"The workers who are asking for the benefits and payments that they have earned, I think they're absolutely right and understand that what's happening to them is reflective of what's happening across this economy," Obama said.
Illinois Attorney General Lisa Madigan also said her office was investigating the company, which has not commented on the sit-in.
To their amazement, the workers have become a national symbol for thousands of employees laid off nationwide as the economy continues to sour.
"We never expected this," said Melvin Maclin, a factory employee and vice president of the local union that represents the workers. "We expected to go to jail."
The Rev. Jesse Jackson delivered turkeys, pledging the support of his Chicago-based civil rights group, Rainbow/PUSH Coalition.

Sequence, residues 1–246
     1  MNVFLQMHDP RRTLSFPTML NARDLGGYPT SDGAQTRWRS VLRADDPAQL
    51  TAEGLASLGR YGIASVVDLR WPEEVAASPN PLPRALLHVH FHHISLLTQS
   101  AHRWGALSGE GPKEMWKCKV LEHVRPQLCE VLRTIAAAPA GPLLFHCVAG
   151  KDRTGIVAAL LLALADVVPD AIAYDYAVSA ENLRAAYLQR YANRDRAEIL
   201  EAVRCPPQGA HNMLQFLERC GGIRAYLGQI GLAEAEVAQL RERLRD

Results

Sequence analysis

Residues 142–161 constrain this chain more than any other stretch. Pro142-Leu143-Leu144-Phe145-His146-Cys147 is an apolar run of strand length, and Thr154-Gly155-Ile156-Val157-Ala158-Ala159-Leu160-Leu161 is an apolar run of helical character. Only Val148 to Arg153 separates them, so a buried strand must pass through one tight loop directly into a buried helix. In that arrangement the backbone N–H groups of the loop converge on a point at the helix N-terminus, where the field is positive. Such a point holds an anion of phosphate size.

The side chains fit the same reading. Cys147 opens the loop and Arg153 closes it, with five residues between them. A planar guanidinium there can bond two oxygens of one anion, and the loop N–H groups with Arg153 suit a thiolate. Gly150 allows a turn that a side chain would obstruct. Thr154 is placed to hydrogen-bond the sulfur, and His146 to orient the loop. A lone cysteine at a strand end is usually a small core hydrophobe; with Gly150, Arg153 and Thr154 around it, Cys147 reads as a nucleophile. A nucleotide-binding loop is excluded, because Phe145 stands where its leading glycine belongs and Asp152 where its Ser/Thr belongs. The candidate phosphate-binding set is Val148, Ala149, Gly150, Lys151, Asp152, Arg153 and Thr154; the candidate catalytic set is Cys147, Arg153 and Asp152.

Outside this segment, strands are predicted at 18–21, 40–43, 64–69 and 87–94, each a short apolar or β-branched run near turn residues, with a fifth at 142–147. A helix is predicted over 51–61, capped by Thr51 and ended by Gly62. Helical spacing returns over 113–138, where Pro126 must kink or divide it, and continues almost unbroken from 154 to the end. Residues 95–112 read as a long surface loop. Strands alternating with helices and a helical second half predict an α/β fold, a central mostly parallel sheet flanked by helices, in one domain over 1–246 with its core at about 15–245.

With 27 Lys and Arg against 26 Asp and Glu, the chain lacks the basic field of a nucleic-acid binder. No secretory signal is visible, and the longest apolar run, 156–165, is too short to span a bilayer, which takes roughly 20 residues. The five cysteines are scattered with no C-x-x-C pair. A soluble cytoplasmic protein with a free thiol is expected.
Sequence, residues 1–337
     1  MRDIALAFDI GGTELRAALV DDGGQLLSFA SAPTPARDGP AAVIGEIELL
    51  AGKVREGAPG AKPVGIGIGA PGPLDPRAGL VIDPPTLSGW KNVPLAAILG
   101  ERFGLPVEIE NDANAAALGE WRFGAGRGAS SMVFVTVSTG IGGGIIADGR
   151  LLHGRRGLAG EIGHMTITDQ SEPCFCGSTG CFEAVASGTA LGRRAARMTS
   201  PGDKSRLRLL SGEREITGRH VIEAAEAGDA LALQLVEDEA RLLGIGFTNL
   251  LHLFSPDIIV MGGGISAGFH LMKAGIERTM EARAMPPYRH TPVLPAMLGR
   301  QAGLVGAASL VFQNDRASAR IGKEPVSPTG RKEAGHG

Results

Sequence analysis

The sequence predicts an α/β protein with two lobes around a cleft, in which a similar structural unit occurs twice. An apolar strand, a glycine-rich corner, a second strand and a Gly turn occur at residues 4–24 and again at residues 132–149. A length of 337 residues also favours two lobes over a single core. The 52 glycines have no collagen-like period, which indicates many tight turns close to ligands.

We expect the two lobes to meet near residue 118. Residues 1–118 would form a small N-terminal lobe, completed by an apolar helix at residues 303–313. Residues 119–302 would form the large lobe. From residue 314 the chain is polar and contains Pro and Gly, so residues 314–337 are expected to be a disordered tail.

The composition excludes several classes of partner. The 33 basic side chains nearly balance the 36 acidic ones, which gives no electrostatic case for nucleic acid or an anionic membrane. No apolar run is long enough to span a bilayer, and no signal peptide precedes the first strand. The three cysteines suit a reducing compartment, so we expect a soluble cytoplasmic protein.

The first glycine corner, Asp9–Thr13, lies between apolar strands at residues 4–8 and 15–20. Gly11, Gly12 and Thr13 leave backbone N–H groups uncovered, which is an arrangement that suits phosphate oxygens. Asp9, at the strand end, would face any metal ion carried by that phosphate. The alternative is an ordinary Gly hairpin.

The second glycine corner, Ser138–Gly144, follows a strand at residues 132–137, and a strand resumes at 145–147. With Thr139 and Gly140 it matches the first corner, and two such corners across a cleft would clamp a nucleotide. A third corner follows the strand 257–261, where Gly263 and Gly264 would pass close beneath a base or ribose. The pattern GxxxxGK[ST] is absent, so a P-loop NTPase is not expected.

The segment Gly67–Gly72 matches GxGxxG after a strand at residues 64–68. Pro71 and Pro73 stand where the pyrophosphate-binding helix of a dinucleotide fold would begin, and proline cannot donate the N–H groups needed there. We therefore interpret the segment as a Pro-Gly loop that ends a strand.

"These workers deserve their wages, deserve fair notice, deserve health security," Jackson said. "This may be the beginning of long struggle of worker resistance finally."
Leah Fried, an organizer for the United Electrical Workers union that represents the workers, said the company told the union that Bank of America has canceled its financing. The bank had said in a statement that it wasn't responsible for Republic's financial obligations to its employees.
One of the factory's workers, Silvia Mazon, said in Spanish that she needs the money owed to her for an $1,800 monthly house payment. The 40-year-old from Cicero said she has enough money saved to survive for one month.
"We're making history," she said.
Rep. Jan Schakowsky, an Illinois Democrat, called it the start of a movement. "This story has resonated around the world," she said.
Associated Press writer Philip Elliott in Chicago contributed to this report.